The first person in the world reinfected by coronavirus dies.

The patient from Holland was reinfected after overcoming Covid-19 in the first wave of the virus.

HOLLAND (Times Media Mexico) – The first person in the world reinfected with the coronavirus died less than three weeks after contracting Covid-19 for the second time.

The woman, 89, suffered from a rare type of bone marrow cancer called Waldenström’s macroglobulinemia. Her immune system was compromised due to the cell-depleting therapy she received, the researchers at Maastricht University Medical Center in the Netherlands wrote in a paper accepted for publication in the journal Clinical Infectious Diseases.

The patient, 89 years old, received chemotherapy for Waldenström’s macroglobulinemia, a rare type of white blood cell cancer, which is treatable but incurable.

Virologist Marion Koopmans reported that the patient had to be admitted to the hospital in the first wave of infection after developing a high fever and severe cough symptoms.

Two months after the coronavirus was overcome, the woman began new chemotherapy sessions. Still, she began to have a fever, cough, and suffer from severe shortness of breath only two days later, so she was readmitted to the hospital.

After undergoing PCR, the woman tested positive. However, she tested negative on two serological tests to detect if she still had antibodies to the virus in her blood after she was first infected.

The patient was hospitalized for eight days, and her health condition deteriorated drastically, and she died two weeks later, reported the Dutch authorities.

Koopmans, who participates in a follow-up of reinfections done by the University of Oxford, commented that the patient was already very sick of her other ailment besides the coronavirus.

25 cases of coronavirus reinfections worldwide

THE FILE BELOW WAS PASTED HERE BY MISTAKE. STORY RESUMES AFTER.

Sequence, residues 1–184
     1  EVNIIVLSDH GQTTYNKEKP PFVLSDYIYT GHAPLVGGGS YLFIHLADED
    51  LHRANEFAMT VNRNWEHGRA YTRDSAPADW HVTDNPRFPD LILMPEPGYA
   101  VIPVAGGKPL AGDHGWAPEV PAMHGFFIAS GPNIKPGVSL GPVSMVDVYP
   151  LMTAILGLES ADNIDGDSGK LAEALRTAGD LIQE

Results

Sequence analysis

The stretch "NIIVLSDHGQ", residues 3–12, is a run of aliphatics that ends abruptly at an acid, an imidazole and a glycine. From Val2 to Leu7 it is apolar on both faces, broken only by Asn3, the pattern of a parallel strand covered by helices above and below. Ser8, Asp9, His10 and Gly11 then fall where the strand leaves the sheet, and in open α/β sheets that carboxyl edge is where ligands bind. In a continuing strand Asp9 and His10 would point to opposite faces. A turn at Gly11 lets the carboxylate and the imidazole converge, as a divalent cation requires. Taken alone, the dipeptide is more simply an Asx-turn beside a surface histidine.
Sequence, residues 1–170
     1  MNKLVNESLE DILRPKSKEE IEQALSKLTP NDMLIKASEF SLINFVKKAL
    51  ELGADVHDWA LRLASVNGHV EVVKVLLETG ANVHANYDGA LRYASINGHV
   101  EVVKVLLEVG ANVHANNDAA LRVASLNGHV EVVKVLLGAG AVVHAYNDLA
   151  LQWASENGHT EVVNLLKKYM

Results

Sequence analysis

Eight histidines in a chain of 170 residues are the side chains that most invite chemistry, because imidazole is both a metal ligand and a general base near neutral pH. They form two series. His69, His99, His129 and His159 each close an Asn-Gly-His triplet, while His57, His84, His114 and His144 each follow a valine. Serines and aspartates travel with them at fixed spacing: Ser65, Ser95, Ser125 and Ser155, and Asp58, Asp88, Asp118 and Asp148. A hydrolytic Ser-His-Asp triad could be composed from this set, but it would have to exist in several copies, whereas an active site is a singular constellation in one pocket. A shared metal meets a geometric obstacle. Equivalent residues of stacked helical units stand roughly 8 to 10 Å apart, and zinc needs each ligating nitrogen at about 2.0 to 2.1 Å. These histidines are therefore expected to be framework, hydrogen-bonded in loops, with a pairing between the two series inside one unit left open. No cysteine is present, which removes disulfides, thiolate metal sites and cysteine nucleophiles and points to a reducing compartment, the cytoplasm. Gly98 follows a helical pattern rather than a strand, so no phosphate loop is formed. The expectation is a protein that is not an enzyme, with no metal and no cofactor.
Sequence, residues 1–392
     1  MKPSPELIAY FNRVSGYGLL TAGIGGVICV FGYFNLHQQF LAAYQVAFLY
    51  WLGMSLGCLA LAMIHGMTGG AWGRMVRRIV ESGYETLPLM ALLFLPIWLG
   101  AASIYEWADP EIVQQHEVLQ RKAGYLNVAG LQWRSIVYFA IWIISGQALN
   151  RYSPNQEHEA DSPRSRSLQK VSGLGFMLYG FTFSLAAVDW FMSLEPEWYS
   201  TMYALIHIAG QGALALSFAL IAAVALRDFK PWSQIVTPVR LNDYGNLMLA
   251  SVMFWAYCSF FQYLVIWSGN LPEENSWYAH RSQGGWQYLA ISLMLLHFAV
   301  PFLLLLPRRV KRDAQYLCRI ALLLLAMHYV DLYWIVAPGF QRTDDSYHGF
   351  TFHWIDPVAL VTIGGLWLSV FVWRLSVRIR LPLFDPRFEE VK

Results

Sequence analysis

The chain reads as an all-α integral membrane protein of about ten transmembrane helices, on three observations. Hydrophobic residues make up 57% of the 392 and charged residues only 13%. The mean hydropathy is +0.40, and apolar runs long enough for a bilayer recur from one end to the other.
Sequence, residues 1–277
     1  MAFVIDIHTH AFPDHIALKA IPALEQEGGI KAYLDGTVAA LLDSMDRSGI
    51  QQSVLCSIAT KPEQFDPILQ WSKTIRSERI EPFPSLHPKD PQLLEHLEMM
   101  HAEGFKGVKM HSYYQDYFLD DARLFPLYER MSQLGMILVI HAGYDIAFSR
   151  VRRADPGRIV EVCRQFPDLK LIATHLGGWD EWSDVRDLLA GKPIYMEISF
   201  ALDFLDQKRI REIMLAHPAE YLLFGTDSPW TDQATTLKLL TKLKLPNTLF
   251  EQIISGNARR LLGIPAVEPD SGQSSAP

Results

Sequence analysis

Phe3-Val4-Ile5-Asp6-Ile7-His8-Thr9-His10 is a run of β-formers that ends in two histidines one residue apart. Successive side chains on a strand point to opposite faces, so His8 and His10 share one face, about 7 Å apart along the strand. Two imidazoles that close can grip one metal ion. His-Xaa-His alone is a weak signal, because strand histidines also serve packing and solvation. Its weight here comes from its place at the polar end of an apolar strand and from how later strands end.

According to Dutch virologist Marion Koopmans, there are currently about 25 cases of coronavirus reinfections known worldwide, and in most cases, less severe symptoms developed than during the first infection.

While scientists assume that reinfections are still “the exception,” Koopmans believes that “there will be more” but nuances that “the important question remains whether this is typical of Covid-19,” since in many cases, the second transmission took place just two months after the first infection.

It is expected that most people who have overcome the first infection with coronavirus are now protected “longer” against Covid-19. He acknowledged that, in any case, “this will not last a lifetime because it has never been seen with any respiratory virus.

The specialist indicated that it is still unclear what the knowledge of these specific cases could mean when developing the vaccine against the coronavirus, nor to what extent the immune system learns enough during the first infection with Covid-19.

However, he added, the naturally produced antibodies after an initial infection seem to disappear relatively quickly in certain cases.

The Yucatan Times
Newsroom



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